Researchers have suggested that when a company implements a diversity initiative, it becomes a part of the company’s identity (Cole & Salimath, 2013). Although we observed many signs of this occurring in the companies studied, longitudinal research is needed to better understand how this process unfolds over time. Cole and Salimath (2013) caution that a half-hearted effort to infuse a company with diversity may reduce the perceived legitimacy of these efforts, which can deteriorate corporate unity and climate. Our data supports this idea that commitment and strength of action influence perceived legitimacy, but more research is needed to test the relationship between strength of action and company outcomes over time.

Another area for greater exploration is the optimal level of integration, specifically for neurodiverse employees. Management, supervisors, and co-workers all described struggling at times with the right amount of integration or involvement when working alongside employees with autism. In our qualitative studies, the answer appeared to vary across people and companies, with some finding that employees with autism seemed happier with more opportunities to interact than others. In another qualitative study, researchers showed that psychosocial support, social acceptance, and assistance with completing work tasks were among the most influential keys to integrating employees with disabilities (Kulkarni & Lengnick-Hall, 2011). These priorities were manifested in several of the case studies, which may help to explain how the companies developed and maintained unity through their initiative. More research is needed to better identify optimal levels of social integration for neurodiverse employees and others who may experience increased anxiety and other negative consequences from too much social interaction. Companies may benefit from more formalized processes to guide an employee-centered approach for including neurodiverse employees and others who have unique preferences and needs related to the social environment.


The results from these case studies should be considered within the context of a few important limitations. First, while providing valuable insights and increased understanding of the processes and characteristics associated with successful disability diversity efforts, this work represents the experience of only a small number of companies and work settings. As such, caution should be exercised when generalizing the results. Looking forward, it would be useful to evaluate company-led disability initiatives using quantitative approaches for testing the generalizability of findings. Regarding the interpretation of findings, several efforts were made to minimize the effect of researcher bias on the results, including a discussion of biases before the analysis and the involvement of multiple researchers in discerning themes in the data. Despite these efforts to adhere to a research method that would minimize bias, it is possible that another research team may have varied in what they chose to highlight in interpreting the data. Despite these limitations, we believe the present project provides important implications about how to successfully implement a company-driven disability diversity initiative within an organization.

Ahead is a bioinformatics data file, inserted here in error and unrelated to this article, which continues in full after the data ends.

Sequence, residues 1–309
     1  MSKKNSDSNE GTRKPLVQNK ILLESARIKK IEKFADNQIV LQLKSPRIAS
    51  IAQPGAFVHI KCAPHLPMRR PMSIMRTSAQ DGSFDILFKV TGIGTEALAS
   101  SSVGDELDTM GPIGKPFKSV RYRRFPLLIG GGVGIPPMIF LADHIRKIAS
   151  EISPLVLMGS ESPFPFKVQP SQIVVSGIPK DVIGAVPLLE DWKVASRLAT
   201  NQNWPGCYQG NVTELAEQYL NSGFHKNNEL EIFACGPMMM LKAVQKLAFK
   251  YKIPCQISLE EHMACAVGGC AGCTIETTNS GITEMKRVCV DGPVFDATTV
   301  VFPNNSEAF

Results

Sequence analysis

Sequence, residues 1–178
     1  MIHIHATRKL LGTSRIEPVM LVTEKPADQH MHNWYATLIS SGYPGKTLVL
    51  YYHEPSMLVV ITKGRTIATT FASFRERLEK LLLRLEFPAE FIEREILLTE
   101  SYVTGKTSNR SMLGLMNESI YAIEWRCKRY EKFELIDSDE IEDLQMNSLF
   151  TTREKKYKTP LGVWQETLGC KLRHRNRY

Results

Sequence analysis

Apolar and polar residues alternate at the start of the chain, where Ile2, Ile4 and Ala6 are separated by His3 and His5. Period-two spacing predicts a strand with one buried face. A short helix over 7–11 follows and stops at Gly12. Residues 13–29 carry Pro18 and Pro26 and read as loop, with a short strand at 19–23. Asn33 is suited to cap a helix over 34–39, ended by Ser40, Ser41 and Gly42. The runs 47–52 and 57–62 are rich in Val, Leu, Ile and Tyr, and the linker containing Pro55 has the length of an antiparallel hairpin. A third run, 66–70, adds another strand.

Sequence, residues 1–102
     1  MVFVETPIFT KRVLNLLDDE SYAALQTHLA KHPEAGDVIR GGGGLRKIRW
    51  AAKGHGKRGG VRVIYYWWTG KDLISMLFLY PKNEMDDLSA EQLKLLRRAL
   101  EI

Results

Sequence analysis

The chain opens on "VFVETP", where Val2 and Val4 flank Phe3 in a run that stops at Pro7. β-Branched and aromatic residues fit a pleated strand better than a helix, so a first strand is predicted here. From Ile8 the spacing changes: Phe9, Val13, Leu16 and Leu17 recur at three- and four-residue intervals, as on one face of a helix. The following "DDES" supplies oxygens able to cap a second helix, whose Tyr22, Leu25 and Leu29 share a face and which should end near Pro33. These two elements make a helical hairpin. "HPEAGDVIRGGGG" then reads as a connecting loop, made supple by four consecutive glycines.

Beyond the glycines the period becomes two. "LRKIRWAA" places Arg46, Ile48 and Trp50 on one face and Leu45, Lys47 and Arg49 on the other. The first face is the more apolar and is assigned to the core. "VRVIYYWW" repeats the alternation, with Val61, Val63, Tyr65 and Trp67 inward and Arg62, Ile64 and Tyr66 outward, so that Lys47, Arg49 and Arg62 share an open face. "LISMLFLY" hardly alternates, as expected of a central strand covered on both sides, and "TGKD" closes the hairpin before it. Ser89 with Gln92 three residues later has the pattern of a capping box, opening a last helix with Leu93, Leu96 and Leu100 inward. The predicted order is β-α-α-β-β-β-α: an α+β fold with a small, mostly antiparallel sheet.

Employment disparities between people with and without disabilities continue to plague the U.S. economy. People with disabilities represent a pool of underutilized potential employees who can bring added capacity and competency to the workplace. Within this study, employees and supervisors repeatedly supported this idea, reporting positive perceptions toward the inclusion of people with disabilities in their workplace. These case studies support that it is beneficial for companies to view disability as a valued and valuable aspect of diversity in the workplace. Given the structure of the U.S. economy, any significant reductions in employment disparities will need to be driven largely by employers who come to view people with disabilities as providing an added benefit to their company. The purpose of this article has been to describe a series of case studies conducted with multiple medium- and small-sized companies that created or carried out their own disability diversity initiatives. Each case study provided perspectives of employees and leadership within organizations while also describing the practices that were most salient to their initiative’s success. Identifying employer practices implemented by companies with a successful record of hiring PWD can help employers see inclusion and integration of disability as a business opportunity rather than just a legal requirement (Casey, 2020).

The case studies generated several implications for businesses that are considering starting their own disability diversity effort. Companies should consider how their leadership will demonstrate commitment to a diversity program and how they can cultivate a mission and set of values that are conducive to a disability diversity initiative. This research also raises questions for future studies about how individuals with disabilities, particularly neurodiverse employees, can be optimally integrated into an organization. The results of this study support that companies can experience a range of benefits through developing an employer-led disability diversity initiative, such as improving company performance, increasing the sense of purpose among employees, and creating greater cohesion within the organization.


The authors have no acknowledgments.


The contents of the journal publication were developed under a grant from the National Institute on Disability, Independent Living, and Rehabilitation Research (NIDILRR grant number 90RT5041) awarded to Paul Wehman. NIDILRR is a Center within the Administration for Community Living (ACL), Department of Health and Human Services (HHS). The contents of this journal article do not necessarily represent the policy of NIDILRR, ACL, or HHS, and you should not assume endorsement by the Federal Government.

Ethics statement

This paper was conducted and written in compliance with APA ethical standards. The original studies this article was based on were conducted primarily under the Institutional Review Board approval of the University of Wisconsin-Madison (protocol #2019-0062).

Informed consent

As per the protocol, verbal consent was obtained after provision of an informed consent statement.

Conflict of interest

The authors declare that they have no conflict of interest.